REVIEW: Darrell Mansfield – “Thunder and Lightning” (1985)

DARRELL MANSFIELD – “Thunder and Lightning” (1985 Broken Records, from Revelation)

Back in old ’86, Bob Schipper taped a bunch of Christian rock bands from a co-worker at the local Harvey’s.  He recorded five songs by two artists:  REZ and Darrell Mansfield.  I, in turn, recorded them from him.  Those artists, Rez and Mansfield, were hard to find at retail.  We’d never even heard of them before.  As time went on, 12 years at the Record Store, I never saw them.  You had to go to a speciality Christian record store.  (Or, in the 2000s, just look online.)

The one Darrell Mansfield track that I really liked from that tape was called “Thunder and Lightning”.  We both loved it.  Didn’t know anything about the guy.  Couldn’t find his albums.  The tape eventually became unplayable.  What to do?

The easiest thing was just to download the song off iTunes.  Eager to hear it again, and unsure if I wanted a whole Mansfield album, that’s exactly what I did.

From his 1985 disc Revelation, which boasts cover artwork that I liken to God meets Judas Priest, “Thunder and Lightning” is the opening track.  Appropriately it commences with some rip-roarin’ guitar soloin’.

So here’s the thing about Christian rock.  You either dig it or not.  There is plenty of guitar and vocal howls n’ shrieks to entertain the masses.  Mansfield’s lyrics are not heavy handed; they can be ignored.  It’s pretty obvious what they’re about if you pay attention, but only if you pay attention.

“The wind is blowing like a rolling stone, all the believers will be goin’ home.  Don’t be caught in the fallin’ rain.  Don’t need to suffer, don’t need the pain.”  The only clue to Darrell’s true message here is the word “believers”.

“Come on, don’t lose control.  Come on, don’t lose your soul.  Come on, put your feet on a rock, come on get your neighbours and rock!”  Anyone familiar with Christianity knows that one of several meanings of the word “rock” is a metaphor for faith.  Subtle enough.  One of the more blatant lines is “We wanna meet you in the Heavenly cloud, don’t be reluctant don’t be too proud.”  Still easy enough to miss.

“Thunder and Lightning” seems to be about one of those end-of-the-world scenarios.  Disaster looms, but the faithful are saved.  Mansfield refers to the “Storm-catcher” without naming Jesus.  It’s actually better done than a lot of Stryper lyrics.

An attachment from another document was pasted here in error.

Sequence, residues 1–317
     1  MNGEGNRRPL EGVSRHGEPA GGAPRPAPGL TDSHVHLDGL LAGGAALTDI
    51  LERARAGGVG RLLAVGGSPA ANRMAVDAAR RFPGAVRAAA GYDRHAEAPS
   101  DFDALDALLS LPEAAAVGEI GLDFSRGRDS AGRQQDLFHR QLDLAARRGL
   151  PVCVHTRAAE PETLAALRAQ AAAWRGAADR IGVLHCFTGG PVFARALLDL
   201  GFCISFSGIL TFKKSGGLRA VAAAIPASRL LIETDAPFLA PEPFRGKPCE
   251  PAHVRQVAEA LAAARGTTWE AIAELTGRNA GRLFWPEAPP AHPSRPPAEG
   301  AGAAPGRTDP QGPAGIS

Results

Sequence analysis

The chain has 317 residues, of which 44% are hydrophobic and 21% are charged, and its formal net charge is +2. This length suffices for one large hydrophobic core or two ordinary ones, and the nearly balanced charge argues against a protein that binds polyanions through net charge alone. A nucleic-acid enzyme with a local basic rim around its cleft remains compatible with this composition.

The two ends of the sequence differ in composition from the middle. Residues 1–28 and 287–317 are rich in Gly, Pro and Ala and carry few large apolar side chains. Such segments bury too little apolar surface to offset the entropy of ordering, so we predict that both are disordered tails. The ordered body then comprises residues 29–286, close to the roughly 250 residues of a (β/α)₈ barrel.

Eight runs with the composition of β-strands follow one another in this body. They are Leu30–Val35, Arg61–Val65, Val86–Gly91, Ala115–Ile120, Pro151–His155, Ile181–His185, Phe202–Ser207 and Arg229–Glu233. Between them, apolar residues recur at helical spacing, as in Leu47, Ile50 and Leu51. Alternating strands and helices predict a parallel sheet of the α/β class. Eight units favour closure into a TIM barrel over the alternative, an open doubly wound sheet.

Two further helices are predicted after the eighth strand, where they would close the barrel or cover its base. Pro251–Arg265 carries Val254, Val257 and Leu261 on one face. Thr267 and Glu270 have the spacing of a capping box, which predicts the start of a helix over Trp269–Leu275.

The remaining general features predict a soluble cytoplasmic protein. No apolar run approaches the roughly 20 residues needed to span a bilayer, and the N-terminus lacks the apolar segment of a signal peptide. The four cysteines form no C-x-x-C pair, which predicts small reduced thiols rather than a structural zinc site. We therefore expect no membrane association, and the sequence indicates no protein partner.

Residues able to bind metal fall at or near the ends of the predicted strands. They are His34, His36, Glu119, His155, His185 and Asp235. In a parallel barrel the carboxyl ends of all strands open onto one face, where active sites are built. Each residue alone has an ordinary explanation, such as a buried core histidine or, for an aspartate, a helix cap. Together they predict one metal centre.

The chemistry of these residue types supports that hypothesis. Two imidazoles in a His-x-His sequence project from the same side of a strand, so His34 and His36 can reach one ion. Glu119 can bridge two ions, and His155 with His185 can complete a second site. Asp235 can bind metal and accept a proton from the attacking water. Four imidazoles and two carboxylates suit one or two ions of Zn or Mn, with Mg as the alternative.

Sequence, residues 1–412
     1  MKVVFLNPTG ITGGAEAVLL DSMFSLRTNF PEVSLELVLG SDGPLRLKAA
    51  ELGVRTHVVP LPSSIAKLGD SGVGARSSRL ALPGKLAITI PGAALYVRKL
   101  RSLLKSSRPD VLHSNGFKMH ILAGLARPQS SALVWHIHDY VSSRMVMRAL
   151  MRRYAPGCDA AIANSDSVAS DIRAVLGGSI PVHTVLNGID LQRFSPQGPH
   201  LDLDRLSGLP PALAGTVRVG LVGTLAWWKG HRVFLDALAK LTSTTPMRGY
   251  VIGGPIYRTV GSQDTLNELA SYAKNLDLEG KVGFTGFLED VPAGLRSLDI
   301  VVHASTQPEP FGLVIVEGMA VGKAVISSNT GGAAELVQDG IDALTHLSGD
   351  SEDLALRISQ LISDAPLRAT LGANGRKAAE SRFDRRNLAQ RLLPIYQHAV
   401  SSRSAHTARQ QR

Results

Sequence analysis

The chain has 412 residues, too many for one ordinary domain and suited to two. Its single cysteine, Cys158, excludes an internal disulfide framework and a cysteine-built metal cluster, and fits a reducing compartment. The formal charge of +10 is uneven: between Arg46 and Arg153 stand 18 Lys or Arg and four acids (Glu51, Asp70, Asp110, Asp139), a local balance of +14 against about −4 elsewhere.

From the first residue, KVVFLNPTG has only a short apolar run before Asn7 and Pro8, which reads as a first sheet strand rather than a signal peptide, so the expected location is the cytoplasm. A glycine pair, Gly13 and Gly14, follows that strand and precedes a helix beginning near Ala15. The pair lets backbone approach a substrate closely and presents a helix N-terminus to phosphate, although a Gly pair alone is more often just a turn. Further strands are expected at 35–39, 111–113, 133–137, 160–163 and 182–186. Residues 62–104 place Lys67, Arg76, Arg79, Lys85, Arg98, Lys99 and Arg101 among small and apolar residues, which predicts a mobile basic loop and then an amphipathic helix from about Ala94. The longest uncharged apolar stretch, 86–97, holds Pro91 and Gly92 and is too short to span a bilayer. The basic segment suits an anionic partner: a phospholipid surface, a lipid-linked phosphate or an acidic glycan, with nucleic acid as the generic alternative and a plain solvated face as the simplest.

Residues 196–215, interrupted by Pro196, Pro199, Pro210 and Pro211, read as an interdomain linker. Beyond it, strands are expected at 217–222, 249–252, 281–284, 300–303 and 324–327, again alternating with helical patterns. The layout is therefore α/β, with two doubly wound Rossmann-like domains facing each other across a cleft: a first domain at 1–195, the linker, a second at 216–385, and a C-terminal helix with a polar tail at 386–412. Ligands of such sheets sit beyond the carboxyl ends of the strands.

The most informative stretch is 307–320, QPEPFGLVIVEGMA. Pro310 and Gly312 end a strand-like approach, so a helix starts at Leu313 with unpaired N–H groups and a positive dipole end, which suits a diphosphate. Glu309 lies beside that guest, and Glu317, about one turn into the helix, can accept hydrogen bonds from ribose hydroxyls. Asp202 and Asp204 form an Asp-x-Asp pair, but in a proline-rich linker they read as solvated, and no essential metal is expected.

There’s a smoking 40-second guitar intro,and the another 40 seconds of blazing mid-song.  That’s a pretty generous amount of guitar for a 4:48 song.  (Apparently future Mr. Big guitarist Paul Gilbert played on some of the other album tracks.)  What sells it though is not just the insane-o guitar playing, but also Mansfield’s powerhouse voice.  When the guy makes his voice crack, Tyler-esque, on certain words, it just hits the spot!

This is a brilliant track that, whether you’re a believer or just a rock n’ roller, deserves to be heard again.

5/5 stars




  1. In their early days, Stryper weren’t shy of singing about Jesus in their lyrics but as I have said on many occasions, listening to Christian rock doesn’t have me wanting to praise Jesus any more than listening to black metal has me wanting to sacrifice chickens to Satan. But you’re spot on about the guitar work in the song.


    1. I think Stryper have gotten more ballsy with their message since their reunion. A song like Passion — “Jesus Christ, I wanna serve you. Through your passion I am free.”

      I think it just sounds cool.

      Liked by 1 person

  2. I have never heard of this one, but the only Christian artist played around that time was Stryper, however, I never looked at them as just a Christian band as they fit in nicely to that 80’s sunset strip scene. Now I am just the opposite of 80smetalman. When I listen to Christian music, it can get so cheesy I run to sacrifice a chicken to make it stop and then when I listen to black metal, I get so scared I run to praise Jesus.

    Liked by 1 person

  3. New to me – I imagine though that of all genres, this would probably be the one where the singer would be least likely to phone it in. And if that leads to Tyler-esque cracks, bonus!

    Liked by 1 person

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